You can get a decent aftermarket cooler for $20-$30. At that price, it's not worth taking the risk of going with stock.
 

zir_blazer

Senior member
Jun 6, 2013
870
5
81
#18
The stock heatsink supplied is proportional to its rated TDP. I've had a side by side look at an Intel G620 (65W) and an Intel Core i7 2600K (95W) heatsink. They have different thickness and there's a copper base on the Core i7 2600K versus all aluminum for the G620.

Under stock settings, I wouldn't even worry about the temps and stability, even more so when a typical HTPC load isn't that heavy. Besides, thermal throttling will prevent it from permanent damage.
I'm talking about Ivy Bridge (77W TDP) vs Haswell (84W TDP) Heatsinks which are identical according to what Legit Reviews said, at least for the mainstream models that have those TDPs. I'm sure that if you pick a Haswell Celeron with 53W TDP they will have a smaller Heatsink, but is not my point.
My point is that Intel picked a Heatsink intended for those 77W TDP Ivy Bridge and placed it on top of a 84W TDP Haswell, and even worse if you consider that real power consumption is slighty higher for Haswell according to the other link.

Thermal throttling will save it from permanent damage, but that also means that you can't enjoy the 100% of performance of your Processor when you need it the most (Else you wouldn't be Full Load!) if Intel underdimensioned the Heatsink and put it close to those scenarios.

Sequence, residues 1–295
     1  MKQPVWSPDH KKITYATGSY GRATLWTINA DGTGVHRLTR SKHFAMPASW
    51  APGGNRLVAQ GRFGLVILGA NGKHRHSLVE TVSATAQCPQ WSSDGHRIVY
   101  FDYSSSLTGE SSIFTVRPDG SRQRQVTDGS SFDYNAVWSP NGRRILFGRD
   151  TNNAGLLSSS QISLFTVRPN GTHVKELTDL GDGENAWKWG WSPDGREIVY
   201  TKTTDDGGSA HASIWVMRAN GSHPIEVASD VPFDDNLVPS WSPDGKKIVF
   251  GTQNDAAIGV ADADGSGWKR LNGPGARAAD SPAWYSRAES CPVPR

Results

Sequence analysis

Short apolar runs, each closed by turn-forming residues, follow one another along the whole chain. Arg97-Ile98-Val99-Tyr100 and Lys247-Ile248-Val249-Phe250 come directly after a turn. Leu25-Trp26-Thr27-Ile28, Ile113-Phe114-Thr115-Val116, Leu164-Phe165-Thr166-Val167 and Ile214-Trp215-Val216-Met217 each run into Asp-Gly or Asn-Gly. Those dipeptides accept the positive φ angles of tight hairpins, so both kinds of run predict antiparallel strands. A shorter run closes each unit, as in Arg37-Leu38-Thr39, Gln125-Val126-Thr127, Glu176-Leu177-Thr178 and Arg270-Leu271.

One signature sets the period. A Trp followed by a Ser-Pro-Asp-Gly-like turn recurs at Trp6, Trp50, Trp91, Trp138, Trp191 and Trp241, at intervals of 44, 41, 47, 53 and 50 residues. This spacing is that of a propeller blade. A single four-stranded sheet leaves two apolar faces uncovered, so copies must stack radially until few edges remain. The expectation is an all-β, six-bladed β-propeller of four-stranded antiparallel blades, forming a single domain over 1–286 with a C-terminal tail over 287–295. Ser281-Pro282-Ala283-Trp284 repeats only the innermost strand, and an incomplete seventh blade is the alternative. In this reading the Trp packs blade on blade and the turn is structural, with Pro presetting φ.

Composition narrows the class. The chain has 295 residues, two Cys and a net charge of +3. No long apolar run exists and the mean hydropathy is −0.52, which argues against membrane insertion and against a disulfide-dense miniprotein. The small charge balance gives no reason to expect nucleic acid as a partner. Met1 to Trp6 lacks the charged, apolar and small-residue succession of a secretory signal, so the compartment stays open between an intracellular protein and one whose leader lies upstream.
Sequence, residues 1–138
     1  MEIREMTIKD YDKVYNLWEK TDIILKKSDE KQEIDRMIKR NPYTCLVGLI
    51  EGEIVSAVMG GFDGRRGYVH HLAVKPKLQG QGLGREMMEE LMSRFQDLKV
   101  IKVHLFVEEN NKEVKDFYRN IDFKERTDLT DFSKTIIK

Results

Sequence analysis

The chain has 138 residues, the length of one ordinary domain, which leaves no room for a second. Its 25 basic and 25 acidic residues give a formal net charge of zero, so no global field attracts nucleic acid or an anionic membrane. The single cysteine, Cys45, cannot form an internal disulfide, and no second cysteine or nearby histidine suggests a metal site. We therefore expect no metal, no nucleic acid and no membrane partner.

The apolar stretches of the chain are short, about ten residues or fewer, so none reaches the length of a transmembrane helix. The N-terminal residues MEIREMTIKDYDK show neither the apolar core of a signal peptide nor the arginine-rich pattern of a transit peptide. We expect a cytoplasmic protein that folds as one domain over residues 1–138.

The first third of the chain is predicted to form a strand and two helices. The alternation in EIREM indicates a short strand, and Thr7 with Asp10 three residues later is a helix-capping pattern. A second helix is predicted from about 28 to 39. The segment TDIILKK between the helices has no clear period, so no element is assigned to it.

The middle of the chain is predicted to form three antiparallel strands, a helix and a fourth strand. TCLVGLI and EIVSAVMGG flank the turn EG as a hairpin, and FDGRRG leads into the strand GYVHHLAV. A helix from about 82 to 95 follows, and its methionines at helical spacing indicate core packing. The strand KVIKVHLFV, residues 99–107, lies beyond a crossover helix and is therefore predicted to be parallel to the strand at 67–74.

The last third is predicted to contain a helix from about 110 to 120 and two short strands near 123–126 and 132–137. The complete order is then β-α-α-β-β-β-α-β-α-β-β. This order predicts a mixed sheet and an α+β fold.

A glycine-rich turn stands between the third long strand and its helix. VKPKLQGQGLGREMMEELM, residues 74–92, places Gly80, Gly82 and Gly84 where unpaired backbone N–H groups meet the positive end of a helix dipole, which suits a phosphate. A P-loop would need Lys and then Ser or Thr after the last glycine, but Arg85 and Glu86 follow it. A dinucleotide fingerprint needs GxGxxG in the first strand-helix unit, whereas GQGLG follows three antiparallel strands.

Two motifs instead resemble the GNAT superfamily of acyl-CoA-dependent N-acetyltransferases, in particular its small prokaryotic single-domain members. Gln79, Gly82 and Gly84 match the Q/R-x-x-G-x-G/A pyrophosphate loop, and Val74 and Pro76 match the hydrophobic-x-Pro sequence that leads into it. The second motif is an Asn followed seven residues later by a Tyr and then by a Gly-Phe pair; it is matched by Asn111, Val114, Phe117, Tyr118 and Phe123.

IMO, this is why they switched from solder to paste. Intel wants to avoid the current situation where a lot of people keep their CPU for 7 years or more. Running closer to the thermal limits for long periods of time makes the processor go bad sooner.
I said something similar to that not long ago.
 
Apr 22, 2012
20,395
0
106
#19
My point is that Intel picked a Heatsink intended for those 77W TDP Ivy Bridge and placed it on top of a 84W TDP Haswell, and even worse if you consider that real power consumption is slighty higher for Haswell according to the other link.